November 2023 Apiary Notes from Wally Thrale

Vespa velutina male. Photograph by Gilles San Martin. This file is licensed under the Creative Commons Attribution-Share Alike 2.0 Generic license.

The main reason for these notes is to highlight to members the dramatic number of Asian hornet (AH) nests discovered this year. So far the number of nests located and destroyed stands at 71. That figure is far higher than all nests found in previous years combined. It now looks as if some nests may have produced queens that will overwinter and start the process next spring. Trustees are very concerned about this matter as many beekeepers still seem to be unaware of the seriousness of the problem.

There will be a meeting on Tuesday 5th December at Flitwick village hall to inform members about the problems AH will cause us. Beekeeping on the continent has been seriously impacted by AH and we all need to understand how we should monitor for AH and how to deal with AH if they become established.

More details of this event will be sent to members soon. Please do make every effort to attend this meeting. We must be vigilant from now on – we can’t reply on bee inspectors locating and destroying all AH nests. We all need to understand the gravity of the situation.

We will also cover Asian hornets on the Training day at Flitwick village hall on Saturday 27th January 2024. Other topics for the day are:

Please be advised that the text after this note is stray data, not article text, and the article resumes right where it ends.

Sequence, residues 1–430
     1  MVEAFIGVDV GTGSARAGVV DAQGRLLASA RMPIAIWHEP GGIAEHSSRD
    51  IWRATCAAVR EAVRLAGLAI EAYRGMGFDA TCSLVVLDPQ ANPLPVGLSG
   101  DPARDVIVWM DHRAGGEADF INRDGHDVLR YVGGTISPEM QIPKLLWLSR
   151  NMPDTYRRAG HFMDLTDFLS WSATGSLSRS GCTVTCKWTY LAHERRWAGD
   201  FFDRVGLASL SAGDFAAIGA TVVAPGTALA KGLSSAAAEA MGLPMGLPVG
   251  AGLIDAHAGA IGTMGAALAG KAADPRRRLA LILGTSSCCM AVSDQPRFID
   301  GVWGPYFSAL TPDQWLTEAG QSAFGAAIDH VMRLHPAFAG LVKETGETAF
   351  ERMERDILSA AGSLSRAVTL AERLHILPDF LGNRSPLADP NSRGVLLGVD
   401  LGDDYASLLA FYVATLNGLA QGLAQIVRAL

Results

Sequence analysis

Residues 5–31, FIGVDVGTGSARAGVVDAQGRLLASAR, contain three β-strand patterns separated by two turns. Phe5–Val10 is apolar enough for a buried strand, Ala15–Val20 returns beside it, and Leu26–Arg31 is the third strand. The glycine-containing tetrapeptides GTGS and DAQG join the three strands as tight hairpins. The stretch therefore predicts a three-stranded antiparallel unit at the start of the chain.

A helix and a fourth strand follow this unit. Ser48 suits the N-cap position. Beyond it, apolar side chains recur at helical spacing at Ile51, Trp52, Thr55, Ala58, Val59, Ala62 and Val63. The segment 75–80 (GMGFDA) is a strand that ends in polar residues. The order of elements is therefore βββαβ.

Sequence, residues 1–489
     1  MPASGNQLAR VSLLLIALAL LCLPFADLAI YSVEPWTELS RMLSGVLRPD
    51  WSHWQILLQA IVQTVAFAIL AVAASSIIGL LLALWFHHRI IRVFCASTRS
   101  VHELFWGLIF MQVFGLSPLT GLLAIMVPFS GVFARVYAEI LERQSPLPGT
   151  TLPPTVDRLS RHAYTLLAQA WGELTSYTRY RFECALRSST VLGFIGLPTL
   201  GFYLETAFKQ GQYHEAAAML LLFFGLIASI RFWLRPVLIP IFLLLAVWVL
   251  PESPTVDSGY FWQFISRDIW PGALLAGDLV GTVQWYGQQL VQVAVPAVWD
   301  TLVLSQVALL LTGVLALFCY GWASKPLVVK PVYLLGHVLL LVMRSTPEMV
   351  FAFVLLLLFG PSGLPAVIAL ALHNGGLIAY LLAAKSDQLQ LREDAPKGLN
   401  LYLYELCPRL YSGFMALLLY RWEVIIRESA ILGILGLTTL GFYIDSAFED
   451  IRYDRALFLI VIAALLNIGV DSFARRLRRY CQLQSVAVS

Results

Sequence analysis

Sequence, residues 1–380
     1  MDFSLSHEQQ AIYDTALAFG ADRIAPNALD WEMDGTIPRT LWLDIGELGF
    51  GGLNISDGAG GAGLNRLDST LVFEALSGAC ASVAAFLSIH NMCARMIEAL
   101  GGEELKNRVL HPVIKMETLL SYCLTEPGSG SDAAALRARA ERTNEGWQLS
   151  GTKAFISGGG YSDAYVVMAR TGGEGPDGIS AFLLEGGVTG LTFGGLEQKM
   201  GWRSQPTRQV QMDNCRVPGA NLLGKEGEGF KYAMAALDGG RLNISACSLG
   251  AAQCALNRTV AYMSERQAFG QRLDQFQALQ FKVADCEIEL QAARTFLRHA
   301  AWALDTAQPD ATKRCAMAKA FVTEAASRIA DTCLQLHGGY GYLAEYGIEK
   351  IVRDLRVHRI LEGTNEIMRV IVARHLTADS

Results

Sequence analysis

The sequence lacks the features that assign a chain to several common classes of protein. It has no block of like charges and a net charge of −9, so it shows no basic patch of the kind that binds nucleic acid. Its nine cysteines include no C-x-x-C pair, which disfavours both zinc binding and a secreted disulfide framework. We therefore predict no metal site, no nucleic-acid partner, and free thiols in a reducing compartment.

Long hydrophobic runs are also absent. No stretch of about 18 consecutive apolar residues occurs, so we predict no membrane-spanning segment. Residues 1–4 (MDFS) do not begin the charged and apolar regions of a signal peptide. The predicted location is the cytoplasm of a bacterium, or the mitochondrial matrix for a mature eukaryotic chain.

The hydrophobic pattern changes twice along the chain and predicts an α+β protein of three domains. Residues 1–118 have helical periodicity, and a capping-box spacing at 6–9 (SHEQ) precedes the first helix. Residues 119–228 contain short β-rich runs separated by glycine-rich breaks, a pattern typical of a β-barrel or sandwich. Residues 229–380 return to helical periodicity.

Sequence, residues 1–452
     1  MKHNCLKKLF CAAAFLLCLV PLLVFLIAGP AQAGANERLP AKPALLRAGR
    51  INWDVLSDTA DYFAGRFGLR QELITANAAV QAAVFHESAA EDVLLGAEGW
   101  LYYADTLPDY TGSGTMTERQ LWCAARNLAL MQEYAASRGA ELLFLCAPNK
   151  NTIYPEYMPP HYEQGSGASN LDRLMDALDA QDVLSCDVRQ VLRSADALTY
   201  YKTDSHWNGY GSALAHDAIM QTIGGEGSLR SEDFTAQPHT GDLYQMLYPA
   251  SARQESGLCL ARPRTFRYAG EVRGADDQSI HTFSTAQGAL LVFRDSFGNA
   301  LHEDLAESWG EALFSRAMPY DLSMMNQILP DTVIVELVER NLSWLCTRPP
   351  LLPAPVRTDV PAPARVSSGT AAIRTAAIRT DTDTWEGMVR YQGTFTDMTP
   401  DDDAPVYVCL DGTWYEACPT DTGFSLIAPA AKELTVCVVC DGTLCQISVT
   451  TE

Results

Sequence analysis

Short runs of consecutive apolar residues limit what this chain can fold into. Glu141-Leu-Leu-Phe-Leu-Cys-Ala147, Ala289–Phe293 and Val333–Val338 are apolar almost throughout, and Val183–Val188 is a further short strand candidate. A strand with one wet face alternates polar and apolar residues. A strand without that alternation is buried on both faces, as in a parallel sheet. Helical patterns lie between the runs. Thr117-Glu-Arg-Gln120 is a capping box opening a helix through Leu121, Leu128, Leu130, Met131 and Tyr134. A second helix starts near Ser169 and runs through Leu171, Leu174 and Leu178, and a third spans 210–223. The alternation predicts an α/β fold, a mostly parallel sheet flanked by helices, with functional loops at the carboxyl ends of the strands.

Assessment of approved varroa treatments;
Using honey as an ingredient;
Overview of commercial brood boxes;
And surviving winter – for bees!
This event is available to sign up on Webcollect (members only). Follow the link:

Now for the apiary Notes. Although there is little to do with our bees at this time of year I thought a little reminder of jobs that need doing before winter might be of help.

Feeding syrup should have finished a while ago. If colonies become light then feeding with fondant will be necessary. The Association has stocks of fondant so contact your local stockist to check for availability.

All my colonies now have a 50mm piece of insulation (Celotex) above the crown board and below the roof. This should help retain heat in the brood box as it is exactly what we do in our homes. Now that pollen foraging is minimal mouse guards should be put in place. At the same time wire netting is wrapped around the hive to keep woodpeckers away during cold spells.

It is then a matter of keeping an eye on colonies over the winter and checking they have sufficient stores, especially as we approach spring, which is some time off.

Winter is a good time to carry out routine maintenance of kit that is not needed until active beekeeping starts again. So queen excluders are scraped clean and edges treated with a heat gun. Supers and the frames are scraped and just generally tidied up. Personally, I prefer to treat external surfaces of hive parts (e.g. Cuprinol, Barretine etc) on a regular basis to prevent the wood decaying. Hives properly looked after will be serviceable for decades.